The ending is the weakest part of the film, feeling rushed and incomplete. It might be on purpose, to put even more emphasis on Kyoji's journey in the first part of the film which also is the most rewarding. The atmosphere and feel of the film, created by Doyle's beautiful cinematography, Riddim's music and the slow pace, makes it feel like a film noir thriller set in the same world also created in Last Life in the Universe. Unlike Kyoji's, it is a wonderful trip but in the end, just like Kyoji, you have to peacefully accept that you don't always get what you want.

Thursday, August 12, 2010

Quick takes #6

The villains of Yatterman (Takashi Miike, 2009).

(Takashi Miike, 2009) - Miike continues the work that he started in 2005 with The Great Yokai War and makes another kids movie that isn't entirely appropriate for children. At first look it's a mess of a film. It feels fragmented, like a bunch of set pieces cobbled together more than an actual plot, but in the end Miike won me over by still having the energy of his earlier films intact and crazy ideas coming at you faster than you can register what you just saw. Yatterman is a fun, fast paced, entertaining film. And it's full of mechas.

Samurai Zombie (Tak Sakaguchi, 2008) - A group of criminals, an ordinary family and a couple of cops are stuck in a forest where the dead come back to life due to an ancient curse. Sound familiar? Samurai Zombie is another Versus (Ryuhei Kitamura, 2000) clone that tries to add some more story to the proceedings with a messed up love story and I think that is why it fails. What made Versus so great was its simplicity, it had a forest, zombies and a bunch of criminals battling it out for two hours and that was it, focus was put on the action being as exciting as possible. It also doesn't help that the star of Versus, Tak Sakaguchi, is the director of Samurai Zombie, which is several notches below his other directorial effort of 2008, Be a Man!! Samurai School, or that Ryuhei Kitamura who directed Versus wrote the script, when it's so obvious that they are out of ideas when it comes to action films. Nothing either of them has made post-Versus has lived up to what was expected of them and Samurai Zombie doesn't even come close.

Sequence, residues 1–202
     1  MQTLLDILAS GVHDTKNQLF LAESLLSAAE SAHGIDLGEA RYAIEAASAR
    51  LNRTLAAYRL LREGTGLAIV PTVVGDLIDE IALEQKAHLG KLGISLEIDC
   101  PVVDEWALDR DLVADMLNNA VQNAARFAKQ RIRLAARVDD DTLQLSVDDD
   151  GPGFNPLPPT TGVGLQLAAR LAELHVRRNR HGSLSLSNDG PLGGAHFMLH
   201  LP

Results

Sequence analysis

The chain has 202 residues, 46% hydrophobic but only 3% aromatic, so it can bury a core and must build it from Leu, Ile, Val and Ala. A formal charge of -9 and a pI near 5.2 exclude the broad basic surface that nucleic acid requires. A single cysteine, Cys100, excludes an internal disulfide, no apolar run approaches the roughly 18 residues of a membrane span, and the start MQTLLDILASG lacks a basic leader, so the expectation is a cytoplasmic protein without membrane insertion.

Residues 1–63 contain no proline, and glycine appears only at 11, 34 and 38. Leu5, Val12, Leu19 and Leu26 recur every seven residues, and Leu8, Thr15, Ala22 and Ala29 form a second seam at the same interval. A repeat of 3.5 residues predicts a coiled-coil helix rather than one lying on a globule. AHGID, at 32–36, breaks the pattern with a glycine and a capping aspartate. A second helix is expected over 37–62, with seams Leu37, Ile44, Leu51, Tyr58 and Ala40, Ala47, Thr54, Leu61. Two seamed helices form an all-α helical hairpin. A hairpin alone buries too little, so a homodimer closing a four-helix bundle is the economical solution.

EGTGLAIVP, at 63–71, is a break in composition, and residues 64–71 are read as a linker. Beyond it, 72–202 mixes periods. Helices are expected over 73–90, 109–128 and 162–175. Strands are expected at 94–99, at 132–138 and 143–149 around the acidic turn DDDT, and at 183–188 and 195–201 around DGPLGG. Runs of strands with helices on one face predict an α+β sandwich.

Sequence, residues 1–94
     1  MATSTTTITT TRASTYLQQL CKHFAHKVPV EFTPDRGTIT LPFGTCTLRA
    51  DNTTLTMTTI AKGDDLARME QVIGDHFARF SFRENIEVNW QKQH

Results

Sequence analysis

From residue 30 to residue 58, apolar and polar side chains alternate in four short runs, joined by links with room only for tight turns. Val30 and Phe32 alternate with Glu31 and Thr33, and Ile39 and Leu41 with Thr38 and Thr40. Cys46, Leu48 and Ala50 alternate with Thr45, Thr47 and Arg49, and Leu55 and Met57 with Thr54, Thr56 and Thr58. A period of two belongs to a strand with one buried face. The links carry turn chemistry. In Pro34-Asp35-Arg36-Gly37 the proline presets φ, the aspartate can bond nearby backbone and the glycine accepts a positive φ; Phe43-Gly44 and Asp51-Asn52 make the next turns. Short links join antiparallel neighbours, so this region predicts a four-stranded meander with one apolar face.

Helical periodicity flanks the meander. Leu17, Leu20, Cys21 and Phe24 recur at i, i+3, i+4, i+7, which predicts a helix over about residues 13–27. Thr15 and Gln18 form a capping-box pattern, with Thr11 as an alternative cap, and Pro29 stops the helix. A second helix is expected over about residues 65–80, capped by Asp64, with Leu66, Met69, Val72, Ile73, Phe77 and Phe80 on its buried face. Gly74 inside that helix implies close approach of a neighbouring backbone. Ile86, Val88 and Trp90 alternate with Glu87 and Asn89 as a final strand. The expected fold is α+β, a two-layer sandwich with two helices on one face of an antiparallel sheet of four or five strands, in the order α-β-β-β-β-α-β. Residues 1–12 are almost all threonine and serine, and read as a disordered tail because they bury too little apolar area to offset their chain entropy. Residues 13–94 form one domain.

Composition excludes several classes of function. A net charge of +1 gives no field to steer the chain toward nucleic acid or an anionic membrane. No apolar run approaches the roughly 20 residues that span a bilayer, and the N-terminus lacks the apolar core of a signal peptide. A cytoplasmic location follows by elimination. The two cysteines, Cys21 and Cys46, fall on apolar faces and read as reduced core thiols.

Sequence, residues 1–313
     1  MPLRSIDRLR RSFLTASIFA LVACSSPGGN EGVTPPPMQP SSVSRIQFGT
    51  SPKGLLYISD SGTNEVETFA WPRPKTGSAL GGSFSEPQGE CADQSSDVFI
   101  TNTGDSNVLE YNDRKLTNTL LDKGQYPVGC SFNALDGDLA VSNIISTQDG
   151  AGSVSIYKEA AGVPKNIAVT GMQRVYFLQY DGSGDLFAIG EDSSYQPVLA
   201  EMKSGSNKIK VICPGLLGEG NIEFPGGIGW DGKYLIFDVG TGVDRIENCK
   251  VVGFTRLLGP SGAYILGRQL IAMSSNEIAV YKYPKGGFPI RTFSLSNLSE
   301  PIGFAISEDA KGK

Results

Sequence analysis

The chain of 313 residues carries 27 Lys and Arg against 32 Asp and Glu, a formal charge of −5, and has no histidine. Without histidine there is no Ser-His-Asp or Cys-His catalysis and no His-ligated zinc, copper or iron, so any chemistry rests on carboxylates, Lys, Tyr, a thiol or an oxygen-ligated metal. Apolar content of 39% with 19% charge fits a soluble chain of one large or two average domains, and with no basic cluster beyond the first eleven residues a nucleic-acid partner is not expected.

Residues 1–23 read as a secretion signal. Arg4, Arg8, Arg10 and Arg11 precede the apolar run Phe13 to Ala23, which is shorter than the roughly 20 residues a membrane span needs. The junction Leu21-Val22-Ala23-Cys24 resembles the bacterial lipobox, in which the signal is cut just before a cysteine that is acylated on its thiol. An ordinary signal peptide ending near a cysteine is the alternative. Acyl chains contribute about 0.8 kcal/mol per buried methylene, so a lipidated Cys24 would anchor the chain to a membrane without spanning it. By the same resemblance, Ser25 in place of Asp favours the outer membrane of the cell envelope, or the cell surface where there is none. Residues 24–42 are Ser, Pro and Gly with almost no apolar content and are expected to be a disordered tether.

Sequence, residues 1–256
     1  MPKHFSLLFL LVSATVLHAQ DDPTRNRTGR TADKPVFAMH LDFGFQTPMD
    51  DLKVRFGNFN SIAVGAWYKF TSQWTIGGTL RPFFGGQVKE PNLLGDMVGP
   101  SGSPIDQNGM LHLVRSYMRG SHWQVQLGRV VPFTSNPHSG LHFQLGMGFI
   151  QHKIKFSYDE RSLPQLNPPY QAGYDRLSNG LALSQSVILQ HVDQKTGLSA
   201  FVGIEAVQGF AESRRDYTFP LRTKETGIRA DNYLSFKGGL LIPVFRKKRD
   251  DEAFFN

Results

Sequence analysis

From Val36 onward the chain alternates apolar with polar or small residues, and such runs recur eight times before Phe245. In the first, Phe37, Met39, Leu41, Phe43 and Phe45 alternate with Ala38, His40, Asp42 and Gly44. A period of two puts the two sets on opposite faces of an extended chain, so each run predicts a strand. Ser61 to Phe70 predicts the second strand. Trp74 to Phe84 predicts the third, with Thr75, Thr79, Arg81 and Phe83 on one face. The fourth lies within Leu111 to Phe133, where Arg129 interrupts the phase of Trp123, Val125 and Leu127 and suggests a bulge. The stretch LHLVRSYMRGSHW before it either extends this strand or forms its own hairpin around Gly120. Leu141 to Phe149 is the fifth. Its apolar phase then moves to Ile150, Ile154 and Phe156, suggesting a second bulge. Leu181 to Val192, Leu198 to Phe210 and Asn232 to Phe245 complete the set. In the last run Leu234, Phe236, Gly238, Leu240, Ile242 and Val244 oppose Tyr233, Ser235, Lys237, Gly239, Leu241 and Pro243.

In the Mood for Love (Wong Kar Wai, 2000) - I don't think I'll ever be a fan of Wong Kar Wai, he's just too good of a filmmaker. I didn't really know what to expect from In the Mood for Love, somehow I've managed to avoid reading anything about it except that it's supposed to be great and when it started playing it didn't take long before I was thoroughly bored. The acting, cinematography, music, everything is such a perfect fit that I couldn't help feeling disinterested. It wasn't until right before the end credits that I realized the knot in my stomach, that beneath the perfect, polished surface the film packs an emotional punch that feels real and never sentimental. I believe this is one of the best and most mature films about love that I've ever seen but I still can't call myself a fan, I won't be picking up Wong's other films, not until I'm more mature myself. I wouldn't be able to handle the perfection.

Maggie Cheung and Tony Leung in Wong Kar Wai's In the Mood for Love (2000).